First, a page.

From Milwaukee, we picked up a car and drove north into Door County, a peninsula jutting out into Lake Michigan. This area is known for its natural beauty, as well as being part of greater “dairy county” – Wisconsin is the second largest milk-producing U.S. state, after California.
Weather conditions weren’t the best during our visit for two reasons; first, it rained quite a lot, and second, winds had blown smoke from the forest fires that have been ravishing Canada across a huge area of the Midwest. While this slowed our progress around the peninsula slightly, it did leave us plenty of time to appreciate some of Door County’s man-made attractions.
On our way to Door County we stopped in Green Bay, the region’s “big city”, which happens to be home to the National Railroad Museum. Now Sara and I both like trains (well, to varying degrees), but we clearly have rivals as this wasn’t even Helen and Mick’s first visit to this museum! It told the story of early rail transportation in the USA, as well as preserving some absolutely pristine locomotives, including “Big Boy” (yes, that’s really its name). We were even allowed to clamber aboard some, pretend to operate the controls, and scare the living daylights out of some other punters who didn’t realise there was anyone in the dark carriage they were entering 👻.
It’s been a while since Sara and I last visited the US, and I swear the breweries weren’t this good or plentiful before. The days of choosing between Coors, Miller and Bud are long gone, and instead brewery menus regularly featured beers inspired by Belgian blondes, Czech pilsners, hoppy IPAs and milk stouts. And the food wasn’t even an afterthought, either. At Copper State Brewing Co in Green Bay, we paired our brews with more delicious fried cheese curds, which went down an absolute treat. Add in some alfresco dining and the semi-regular passings of some nearby freight trains for entertainment, and it added up to a near-perfect meal. Even Mick found a place in his heart for a peanut butter stout alongside his real-ale favourites.
A short drive up the coast from Sturgeon Bay (where we were staying) was Cave Point County Park – a protected area right on the edge of Lake Michigan. Here, dense forest meets the lake’s choppy waters at a line of dramatic limestone cliffs. The absence of salt in the air was the only perceivable clue that the lake wasn’t open sea, and I’m sure we didn’t even see the water at its wildest. We stumbled over tree roots along the lakefront path to reach Whitefish Dunes, a totally deserted strip of sand along the lakeshore. The water was way too wild for swimming however, with the riptide signs and shipwreck information panels offering plenty of warnings of the dangers of taking to the water.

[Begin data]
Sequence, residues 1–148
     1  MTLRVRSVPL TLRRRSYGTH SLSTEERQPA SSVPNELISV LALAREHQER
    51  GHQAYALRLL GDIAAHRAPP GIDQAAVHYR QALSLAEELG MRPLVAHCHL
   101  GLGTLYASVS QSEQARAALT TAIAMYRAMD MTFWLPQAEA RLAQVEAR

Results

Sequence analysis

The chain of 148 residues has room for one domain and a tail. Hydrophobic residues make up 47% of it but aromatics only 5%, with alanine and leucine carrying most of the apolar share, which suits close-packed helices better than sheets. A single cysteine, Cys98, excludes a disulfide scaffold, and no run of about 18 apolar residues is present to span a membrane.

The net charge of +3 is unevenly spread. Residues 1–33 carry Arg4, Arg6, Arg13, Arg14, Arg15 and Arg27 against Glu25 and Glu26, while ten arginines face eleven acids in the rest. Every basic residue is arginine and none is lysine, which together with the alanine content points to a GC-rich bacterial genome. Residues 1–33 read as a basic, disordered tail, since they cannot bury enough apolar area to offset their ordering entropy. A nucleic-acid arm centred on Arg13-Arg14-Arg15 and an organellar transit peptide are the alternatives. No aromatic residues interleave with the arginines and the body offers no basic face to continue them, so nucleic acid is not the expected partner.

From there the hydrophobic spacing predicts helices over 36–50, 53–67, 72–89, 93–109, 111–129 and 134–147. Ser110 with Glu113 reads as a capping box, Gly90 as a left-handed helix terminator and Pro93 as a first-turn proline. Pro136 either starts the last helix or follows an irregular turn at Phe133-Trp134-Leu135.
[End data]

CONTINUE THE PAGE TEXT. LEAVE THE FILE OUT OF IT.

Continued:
It was only on our way back along the cliffs that we noticed some deep cracks in the rock underfoot, many of which went all the way through to the sea beneath. Some were even large enough to lose a dog or a small child through!
Frozen custard 🍦
With Wisconsin being dairy country and all, frozen custard quickly became a regular post-lunch occurrence. In fact, when we were planning this part of the trip, it was clear that frozen custard was a very high priority for Helen and Mick, and who were we to argue?! We visited Zesty’s Frozen Custard which is housed in a 50s-style diner, and the riverside Not Licked Yet. While we loved watching the ducklings and feeding the topiary outside Not Licked Yet, Zesty’s super-creamy custard and rich hot fudge sauce stole the show.
Navigational aids ⛵️
On the east side of the peninsula at Baileys Harbor, we came across two rangelights, which together formed a navigation aid for ships arriving at night.
The rangelights were located 270 m away from each other but at different heights, with the white light shining 5 m above the red light. By aligning the white light directly above the red light, ships could be sure of a safe route in and out of the harbour, even at night. If this sounds familiar, then maybe you’re also a fan of Arthur Ransome’s Swallows and Amazons, in which Captain John and his crew use rangelights to safely enter a harbour in the dark.
Next, it was time to cross the lake to Michigan’s own Gold Coast (its eastern shore), via the historic S.S. Badger ferry.